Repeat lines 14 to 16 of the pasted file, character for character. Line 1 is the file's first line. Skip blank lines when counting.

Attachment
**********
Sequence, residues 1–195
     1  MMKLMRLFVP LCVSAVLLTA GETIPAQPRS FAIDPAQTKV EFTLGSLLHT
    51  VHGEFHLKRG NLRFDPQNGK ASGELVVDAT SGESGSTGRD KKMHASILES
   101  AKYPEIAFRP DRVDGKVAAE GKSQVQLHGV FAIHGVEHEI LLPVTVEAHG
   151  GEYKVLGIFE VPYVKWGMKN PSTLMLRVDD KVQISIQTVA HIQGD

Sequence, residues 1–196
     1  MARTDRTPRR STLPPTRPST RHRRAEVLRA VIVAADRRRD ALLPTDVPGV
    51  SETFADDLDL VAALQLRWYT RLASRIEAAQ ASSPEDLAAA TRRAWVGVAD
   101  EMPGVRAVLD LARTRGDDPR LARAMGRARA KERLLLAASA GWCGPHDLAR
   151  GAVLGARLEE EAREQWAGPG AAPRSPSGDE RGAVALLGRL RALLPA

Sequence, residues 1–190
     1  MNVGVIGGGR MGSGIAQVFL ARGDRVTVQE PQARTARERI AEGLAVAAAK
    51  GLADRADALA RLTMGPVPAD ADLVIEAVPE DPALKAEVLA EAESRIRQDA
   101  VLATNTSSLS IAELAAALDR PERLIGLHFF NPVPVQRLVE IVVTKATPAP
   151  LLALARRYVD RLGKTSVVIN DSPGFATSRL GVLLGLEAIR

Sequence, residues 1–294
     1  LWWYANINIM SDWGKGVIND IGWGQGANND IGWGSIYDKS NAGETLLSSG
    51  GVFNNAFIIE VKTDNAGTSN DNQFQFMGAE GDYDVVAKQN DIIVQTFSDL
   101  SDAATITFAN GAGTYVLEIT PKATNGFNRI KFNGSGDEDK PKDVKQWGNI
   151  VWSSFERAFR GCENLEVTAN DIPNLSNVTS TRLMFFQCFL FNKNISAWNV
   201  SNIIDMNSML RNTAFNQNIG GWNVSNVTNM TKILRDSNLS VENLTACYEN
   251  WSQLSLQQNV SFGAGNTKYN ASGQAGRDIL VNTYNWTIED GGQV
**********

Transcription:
   101  VLATNTSSLS IAELAAALDR PERLIGLHFF NPVPVQRLVE IVVTKATPAP
   151  LLALARRYVD RLGKTSVVIN DSPGFATSRL GVLLGLEAIR

Sequence, residues 1–294